Tuesday, October 19, 2010

Do Healthy Eaters Have to Eat Salads?

I hate folding socks. Everyone probably has a chore that they hate more than any other. For me it’s matching socks. Sometimes I might even leave a stack on the bed for somebody else to deal with, especially since my husband wears socks way more than I do.

Another chore I dislike is making a salad. What a bunch of work! It’s so much easier to pour peas into a bowl and throw it in the microwave or even to stir-fry up some bell peppers (pre-cut of course). Making a salad requires me to wash the lettuce, dry the lettuce, cut the lettuce, and clean up the scraps and water mess made from the lettuce. And this is all before I have even started adding the more tedious elements to the salad, like chopped onion, tomatoes, and cucumber.

It’s fun to complain, especially if you think people can relate. Can you? Lately I have made a decision about this second dislike of mine. My decision is that I need to make salads more often. Perhaps, after all, inclination to avoid them is just laziness. Salads provide a great source of raw nutrients, the best kind. And when I eat one, I feel like I’ve really munched on something substantial.

I was complaining to my husband the other day that I have been feeling sluggish, especially in the mid-afternoons. (I really am not a complainer in anything but socks, salads, and the occasional ailment, I promise.) He suggested that I eat more salads. So I am putting lazy-complaining aside and doing it. To my great surprise, I’m enjoying it.

Monday, October 18, 2010

Moving Backward

I was thinking back recently of my son’s birth and the difficulties that came into our family. My daughter was one month shy of turning terrible two, and she was already proving the saying true. In preparing for our newborn to arrive, we moved Eden out of her crib and into a new bedroom a month before Lance was born. After he came along and turned her world upside-down, life went just a little crazy for all of us.

We all know babies are supposed to wake up frequently for feedings, but our two-year-old was waking up at dead hours of the night too, if for no other reason than she could. Two kids waking up throughout the night on different schedules is not going to produce a happy or healthy mommy.

One night after finally getting Lance to fall asleep around 1 am, Eden came barreling into our room around 2. And I had enough. While I can’t stand the adage, “If Mamma ain’t happy, ain’t nobody happy,” I think it applied in this case. Thus CHANGE occurred in the Joseph household. Eden was put back into her crib, and everyone slept much better henceforth.

The reason I bring up this story in a health blog is that I learned a lesson that can be applied in more areas than just life-with-a-two-year-old-and-a-newborn. One lesson is that it’s okay to change policy if it’s not working, no matter how backwards it might seem. Plowing ahead gung-ho might be a recipe for burn-out. Another lesson is that part of caring for others means caring for self. (If I didn’t get enough sleep, I was a lousy mom.) And another lesson, something that seems like progress might not be progress at all if it’s not working. In fact, it may just be wishful thinking.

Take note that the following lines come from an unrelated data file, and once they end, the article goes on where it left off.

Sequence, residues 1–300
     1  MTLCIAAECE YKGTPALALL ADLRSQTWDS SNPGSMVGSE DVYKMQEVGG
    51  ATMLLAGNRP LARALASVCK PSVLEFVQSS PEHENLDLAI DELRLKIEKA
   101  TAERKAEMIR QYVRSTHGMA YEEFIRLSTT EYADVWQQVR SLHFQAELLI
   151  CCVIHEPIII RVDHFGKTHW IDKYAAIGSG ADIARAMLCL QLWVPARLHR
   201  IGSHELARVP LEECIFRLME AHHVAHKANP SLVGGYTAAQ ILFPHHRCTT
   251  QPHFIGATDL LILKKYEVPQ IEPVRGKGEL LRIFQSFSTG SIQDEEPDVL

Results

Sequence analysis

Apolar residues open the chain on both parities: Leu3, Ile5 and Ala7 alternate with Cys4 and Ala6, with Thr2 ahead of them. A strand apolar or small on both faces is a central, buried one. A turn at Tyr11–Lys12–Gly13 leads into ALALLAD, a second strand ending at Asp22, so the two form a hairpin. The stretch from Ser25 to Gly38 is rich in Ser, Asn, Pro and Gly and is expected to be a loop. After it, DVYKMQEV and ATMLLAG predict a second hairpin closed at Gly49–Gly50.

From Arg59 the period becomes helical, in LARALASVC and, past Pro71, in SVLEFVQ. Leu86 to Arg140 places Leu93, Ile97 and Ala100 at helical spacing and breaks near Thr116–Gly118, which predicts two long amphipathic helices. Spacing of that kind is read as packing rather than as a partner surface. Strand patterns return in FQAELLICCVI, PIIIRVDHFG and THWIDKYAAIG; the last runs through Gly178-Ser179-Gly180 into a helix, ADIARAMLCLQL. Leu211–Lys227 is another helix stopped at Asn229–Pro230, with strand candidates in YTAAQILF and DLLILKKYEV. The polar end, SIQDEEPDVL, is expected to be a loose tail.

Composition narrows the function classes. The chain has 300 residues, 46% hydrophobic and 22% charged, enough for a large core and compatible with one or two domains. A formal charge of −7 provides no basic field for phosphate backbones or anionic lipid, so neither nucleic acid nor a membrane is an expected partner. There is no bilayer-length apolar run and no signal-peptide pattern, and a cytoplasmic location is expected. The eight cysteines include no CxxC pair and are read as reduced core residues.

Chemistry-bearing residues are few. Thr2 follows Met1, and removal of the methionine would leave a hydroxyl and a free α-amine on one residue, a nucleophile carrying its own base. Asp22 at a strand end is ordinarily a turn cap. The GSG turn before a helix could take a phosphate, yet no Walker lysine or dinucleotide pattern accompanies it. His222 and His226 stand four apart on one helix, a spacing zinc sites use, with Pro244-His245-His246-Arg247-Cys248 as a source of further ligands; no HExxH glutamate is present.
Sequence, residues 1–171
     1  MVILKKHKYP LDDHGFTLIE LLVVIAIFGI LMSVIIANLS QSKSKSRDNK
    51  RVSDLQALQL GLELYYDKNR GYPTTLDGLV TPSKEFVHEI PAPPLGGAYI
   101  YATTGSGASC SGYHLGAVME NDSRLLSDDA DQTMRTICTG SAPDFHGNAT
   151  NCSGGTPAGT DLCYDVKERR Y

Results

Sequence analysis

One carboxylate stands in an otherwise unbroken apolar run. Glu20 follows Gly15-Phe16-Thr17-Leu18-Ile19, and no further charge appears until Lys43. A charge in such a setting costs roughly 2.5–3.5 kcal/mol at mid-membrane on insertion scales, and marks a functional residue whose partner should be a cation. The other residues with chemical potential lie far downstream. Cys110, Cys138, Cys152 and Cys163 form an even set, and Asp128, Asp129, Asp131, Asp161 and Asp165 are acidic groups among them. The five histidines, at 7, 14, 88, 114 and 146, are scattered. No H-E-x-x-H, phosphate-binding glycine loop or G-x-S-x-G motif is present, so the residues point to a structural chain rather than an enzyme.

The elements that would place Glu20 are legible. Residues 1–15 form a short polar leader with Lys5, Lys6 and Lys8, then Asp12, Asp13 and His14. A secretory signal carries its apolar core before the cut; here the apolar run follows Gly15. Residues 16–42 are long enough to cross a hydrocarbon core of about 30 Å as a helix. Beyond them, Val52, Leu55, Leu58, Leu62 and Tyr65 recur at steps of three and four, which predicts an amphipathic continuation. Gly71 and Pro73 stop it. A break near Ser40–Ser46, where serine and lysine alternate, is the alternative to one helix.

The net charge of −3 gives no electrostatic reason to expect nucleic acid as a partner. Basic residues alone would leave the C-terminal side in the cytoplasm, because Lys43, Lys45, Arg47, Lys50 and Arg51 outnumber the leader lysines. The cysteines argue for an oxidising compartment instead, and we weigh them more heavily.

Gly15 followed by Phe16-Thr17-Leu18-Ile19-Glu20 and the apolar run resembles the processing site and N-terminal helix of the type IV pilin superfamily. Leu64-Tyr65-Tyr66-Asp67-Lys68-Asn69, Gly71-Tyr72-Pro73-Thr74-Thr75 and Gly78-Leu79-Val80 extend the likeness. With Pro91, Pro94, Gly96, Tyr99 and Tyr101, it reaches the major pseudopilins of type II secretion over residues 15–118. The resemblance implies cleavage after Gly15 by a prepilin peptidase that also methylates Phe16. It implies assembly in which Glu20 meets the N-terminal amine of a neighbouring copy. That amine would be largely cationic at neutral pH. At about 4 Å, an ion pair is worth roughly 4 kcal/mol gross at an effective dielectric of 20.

I think about my health strategies and apply life lessons like these. Some health advise works, and some doesn’t. I may have started something that I didn’t finish because it wasn’t working. Sometimes going backward on something is actually moving forward.
Moving Backward

I was thinking back recently of my son’s birth and the difficulties that came into our family. My daughter was one month shy of turning terrible two, and she was already proving the saying true. In preparing for our newborn to arrive, we moved Eden out of her crib and into a new bedroom a month before Lance was born. After he came along and turned her world upside-down, life went just a little crazy for all of us.

We all know babies are supposed to wake up frequently for feedings, but our two-year-old was waking up at dead hours of the night too, if for no other reason than she could. Two kids waking up throughout the night on different schedules is not going to produce a happy or healthy mommy.

One night after finally getting Lance to fall asleep around 1 am, Eden came barreling into our room around 2. And I had enough. While I can’t stand the adage, “If Mamma ain’t happy, ain’t nobody happy,” I think it applied in this case. Thus CHANGE occurred in the Joseph household. Eden was put back into her crib, and everyone slept much better henceforth.

The reason I bring up this story in a health blog is that I learned a lesson that can be applied in more areas than just life-with-a-two-year-old-and-a-newborn. One lesson is that it’s okay to change policy if it’s not working, no matter how backwards it might seem. Plowing ahead gung-ho might be a recipe for burn-out. Another lesson is that part of caring for others means caring for self. (If I didn’t get enough sleep, I was a lousy mom.) And another lesson, something that seems like progress might not be progress at all if it’s not working. In fact, it may just be wishful thinking.

I think about my health strategies and apply life lessons like these. Some health advise works, and some doesn’t. I may have started something that I didn’t finish because it wasn’t working. Sometimes going backward on something is actually moving forward.